Forget the adoring crowds. When Barack Obama spoke the other day at the Brandenburg Gate in Berlin, there was “a remarkable difference from the rock-star welcome” that greeted him in 2008 before his election as U.S. president and his acceptance of the 2009 Nobel Peace Prize. This time he was greeted by a justifiable meme setting forth what is likely to become his legacy.
The contrast to the legacy of Dr. Martin Luther King Jr., winner of the 1964 Nobel Peace Prize, was painfully clear. As Norman Solomon, co-founder of RootsAction.org and founding director of the Institute for Public Accuracy, put it in an article earlier this year: “Obama has pursued policies that epitomize King’s grim warning in 1967: ‘When scientific power outruns moral power, we end up with guided missiles and misguided men.'” Even in his Nobel Prize acceptance speech, Obama “cast aspersions on [King's] peace advocacy…”:
The president struck a respectful tone as he whetted the rhetorical knife before twisting. “I know there’s nothing weak — nothing passive — nothing naive — in the creed and lives of Gandhi and King,” he said, just before swiftly implying that those two advocates of nonviolent direct action were, in fact, passive and naive. “I face the world as it is, and cannot stand idle in the face of threats to the American people,” Obama added.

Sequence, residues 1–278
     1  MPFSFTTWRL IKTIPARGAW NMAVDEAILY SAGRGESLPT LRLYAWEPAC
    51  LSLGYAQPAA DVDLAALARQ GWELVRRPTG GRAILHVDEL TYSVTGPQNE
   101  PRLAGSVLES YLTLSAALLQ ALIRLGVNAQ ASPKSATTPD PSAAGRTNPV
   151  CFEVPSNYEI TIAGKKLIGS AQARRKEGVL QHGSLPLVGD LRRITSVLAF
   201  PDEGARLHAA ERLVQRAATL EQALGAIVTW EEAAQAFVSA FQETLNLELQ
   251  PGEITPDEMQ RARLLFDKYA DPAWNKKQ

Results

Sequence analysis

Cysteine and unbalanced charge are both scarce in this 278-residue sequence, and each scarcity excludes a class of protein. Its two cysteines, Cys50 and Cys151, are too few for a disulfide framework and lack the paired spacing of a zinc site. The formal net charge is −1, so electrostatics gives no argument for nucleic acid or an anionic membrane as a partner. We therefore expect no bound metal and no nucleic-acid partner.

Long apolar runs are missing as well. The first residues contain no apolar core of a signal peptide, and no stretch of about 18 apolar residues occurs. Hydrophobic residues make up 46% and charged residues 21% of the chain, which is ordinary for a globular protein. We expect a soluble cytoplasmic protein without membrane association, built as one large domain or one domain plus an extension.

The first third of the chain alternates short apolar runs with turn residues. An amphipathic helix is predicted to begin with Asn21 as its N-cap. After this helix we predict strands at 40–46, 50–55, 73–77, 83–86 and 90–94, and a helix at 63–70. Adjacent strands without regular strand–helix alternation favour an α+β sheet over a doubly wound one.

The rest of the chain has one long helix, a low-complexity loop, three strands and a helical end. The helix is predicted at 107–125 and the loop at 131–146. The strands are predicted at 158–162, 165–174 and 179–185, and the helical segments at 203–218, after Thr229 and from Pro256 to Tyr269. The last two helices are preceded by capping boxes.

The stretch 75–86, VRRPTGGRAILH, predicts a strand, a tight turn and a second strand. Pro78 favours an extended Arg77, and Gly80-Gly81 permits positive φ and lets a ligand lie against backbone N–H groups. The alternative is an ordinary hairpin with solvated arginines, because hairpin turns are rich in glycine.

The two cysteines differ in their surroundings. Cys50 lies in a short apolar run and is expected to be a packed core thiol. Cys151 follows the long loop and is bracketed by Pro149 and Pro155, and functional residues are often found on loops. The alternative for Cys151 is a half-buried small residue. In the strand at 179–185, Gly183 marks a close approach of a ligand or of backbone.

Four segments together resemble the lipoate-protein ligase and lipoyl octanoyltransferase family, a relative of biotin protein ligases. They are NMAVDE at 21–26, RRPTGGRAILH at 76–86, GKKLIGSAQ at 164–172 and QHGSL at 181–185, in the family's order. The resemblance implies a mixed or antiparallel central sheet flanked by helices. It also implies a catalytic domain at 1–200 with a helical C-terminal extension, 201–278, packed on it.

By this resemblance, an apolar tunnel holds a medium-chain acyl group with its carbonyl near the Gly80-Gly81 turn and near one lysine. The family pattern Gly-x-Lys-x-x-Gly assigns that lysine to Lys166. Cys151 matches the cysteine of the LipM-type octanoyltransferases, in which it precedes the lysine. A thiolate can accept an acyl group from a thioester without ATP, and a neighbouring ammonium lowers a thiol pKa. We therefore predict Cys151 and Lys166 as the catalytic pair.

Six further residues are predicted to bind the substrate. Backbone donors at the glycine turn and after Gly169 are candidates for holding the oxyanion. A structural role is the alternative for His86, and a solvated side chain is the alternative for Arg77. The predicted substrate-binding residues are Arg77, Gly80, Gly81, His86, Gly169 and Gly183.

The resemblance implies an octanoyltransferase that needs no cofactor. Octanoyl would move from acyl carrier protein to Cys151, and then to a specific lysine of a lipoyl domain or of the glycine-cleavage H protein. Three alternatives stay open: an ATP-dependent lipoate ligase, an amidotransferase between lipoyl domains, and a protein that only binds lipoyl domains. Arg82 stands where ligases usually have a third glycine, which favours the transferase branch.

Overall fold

Moments later, he was straining to justify American warfare: past, present, future. “To say that force may sometimes be necessary is not a call to cynicism — it is a recognition of history; the imperfections of man and the limits of reason,” Obama said. “I raise this point, I begin with this point because in many countries there is a deep ambivalence about military action today, no matter what the cause. And at times, this is joined by a reflexive suspicion of America, the world’s sole military superpower.”
Then came the jingo pitch: “Whatever mistakes we have made, the plain fact is this: The United States of America has helped underwrite global security for more than six decades with the blood of our citizens and the strength of our arms.”
Crowing about the moral virtues of making war while accepting a peace prize might seem a bit odd, but Obama’s rhetoric was in sync with a key dictum from Orwell: “Who controls the past controls the future; who controls the present controls the past.”
Laboring to denigrate King’s anti-war past while boasting about Uncle Sam’s past (albeit acknowledging “mistakes,” a classic retrospective euphemism for carnage from the vantage point of perpetrators), Obama marshaled his oratory to foreshadow and justify the killing yet to come under his authority.
Looking back, particularly in the wake of the NSA surveillance scandal, how can anyone deny that this president, who claims to value transparency, has not made good on that claim? Obama made his intentions transparent from the very beginning.